According to the Nigeria Centre for Disease Control and Prevention (NCDC), since January 2023, 109 deaths from Lassa fever have been recorded across 89 local government areas (LGAs) in 22 states in Nigeria. The NCDC listed the affected states as Ondo, Edo, Bauchi, Taraba, Ebonyi, Kano, Benue, Niger, the FCT, Cross River, Adamawa, Gombe, Delta, Bayelsa, Kogi, Nasarawa, Oyo, Plateau, Enugu, Imo, Anambra and Jigawa. Additionally, the NCDC reported 676 cases of Lassa fever in the past nine weeks.
The NCDC further revealed that between February 27 and March 5, 2023, five states and 16 LGAs recorded 40 cases and five deaths. The states – Ondo, Edo, Bauchi, Taraba and Ebonyi – and the five deaths were recorded in Ondo, Bauchi, and Ebonyi. The agency said that Ondo, Edo and Bauchi accounted for 72 per cent of the Lassa fever cases, with 33 cases in Ondo, 29 in Edo and 10 in Bauchi.
The NCDC disclosed that 109 deaths had been reported from week one to nine, with a case fatality rate (CFR) of 16.1per cent, which was lower than the CFR for the same period in 2022 (18.6). The age group most affected was 21-30 years (range: 1 to 93 years, median age: 32 years), and the male-to-female ratio for cases was 1:0.8. Suspected cases increased compared to the same period in 2022, and one healthcare worker was affected in week nine.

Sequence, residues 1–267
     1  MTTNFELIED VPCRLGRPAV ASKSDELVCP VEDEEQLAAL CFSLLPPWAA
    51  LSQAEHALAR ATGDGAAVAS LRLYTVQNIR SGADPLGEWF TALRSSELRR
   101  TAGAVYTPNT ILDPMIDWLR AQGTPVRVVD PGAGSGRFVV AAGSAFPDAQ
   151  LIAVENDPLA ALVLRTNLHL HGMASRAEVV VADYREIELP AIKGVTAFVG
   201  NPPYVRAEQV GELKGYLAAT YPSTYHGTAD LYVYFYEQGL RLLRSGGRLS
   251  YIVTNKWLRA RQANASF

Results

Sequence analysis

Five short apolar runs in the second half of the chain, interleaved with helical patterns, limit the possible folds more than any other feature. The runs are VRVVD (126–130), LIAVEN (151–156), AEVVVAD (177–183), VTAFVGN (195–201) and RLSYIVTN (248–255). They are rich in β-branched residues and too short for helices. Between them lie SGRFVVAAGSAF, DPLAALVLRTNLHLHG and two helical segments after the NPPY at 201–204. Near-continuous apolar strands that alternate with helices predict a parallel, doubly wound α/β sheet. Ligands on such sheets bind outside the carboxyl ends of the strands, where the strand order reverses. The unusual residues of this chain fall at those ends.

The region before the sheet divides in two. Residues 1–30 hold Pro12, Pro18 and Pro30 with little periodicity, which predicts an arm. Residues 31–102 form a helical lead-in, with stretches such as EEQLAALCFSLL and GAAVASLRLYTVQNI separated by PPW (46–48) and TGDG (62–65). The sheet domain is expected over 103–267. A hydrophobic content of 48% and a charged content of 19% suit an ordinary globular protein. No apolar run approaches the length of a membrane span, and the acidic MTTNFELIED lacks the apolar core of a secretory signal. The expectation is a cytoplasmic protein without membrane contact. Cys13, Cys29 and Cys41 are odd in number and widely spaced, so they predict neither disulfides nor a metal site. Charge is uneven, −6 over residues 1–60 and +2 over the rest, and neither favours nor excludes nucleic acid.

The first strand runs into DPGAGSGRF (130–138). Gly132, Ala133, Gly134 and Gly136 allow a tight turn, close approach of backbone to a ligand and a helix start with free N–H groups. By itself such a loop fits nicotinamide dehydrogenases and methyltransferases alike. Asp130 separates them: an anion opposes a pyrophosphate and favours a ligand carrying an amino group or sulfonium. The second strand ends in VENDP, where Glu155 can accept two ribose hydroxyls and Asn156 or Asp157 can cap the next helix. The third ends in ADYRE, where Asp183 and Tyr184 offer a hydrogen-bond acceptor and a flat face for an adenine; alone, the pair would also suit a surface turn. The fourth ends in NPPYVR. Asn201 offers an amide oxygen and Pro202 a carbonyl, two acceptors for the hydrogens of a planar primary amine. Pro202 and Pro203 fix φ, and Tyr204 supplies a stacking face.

Lassa fever is an acute viral haemorrhagic fever (VHF) caused by the Lassa virus. The mastomys natalensis rodent is the natural reservoir for the virus and the virus spreads through direct contact with infected rats’ urine, faeces, saliva or blood. The virus can also be transmitted through objects, household items, and surfaces contaminated with infected rats’ bodily fluids. People can also contract the disease by consuming food or water contaminated with the urine, faeces, saliva, or blood of infected rats, or through person-to-person transmission by coming into contact with an infected person’s bodily fluids.
The symptoms of Lassa fever are similar to other common illnesses accompanied by fever, such as malaria and can include headache, general body weakness, cough, nausea, vomiting, diarrhoea, muscle pains, chest pain, sore throat and, in severe cases, bleeding from ears, eyes, nose, mouth and other body openings. The incubation period of the disease is three to 21 days and early diagnosis and treatment are crucial for patient survival.
People at risk of contracting Lassa fever include those who come into contact with the urine, faeces, saliva, or blood of infected rats, live in rat-infested environments, consume potentially contaminated foodstuffs, handle or process rodents for consumption, do not perform hand hygiene at appropriate times, and caretakers of infected persons with poor infection prevention and control measures. The NCDC has activated the National Lassa fever multi-partner, multi-sectoral Emergency Operations Centre (EOC) to coordinate response activities.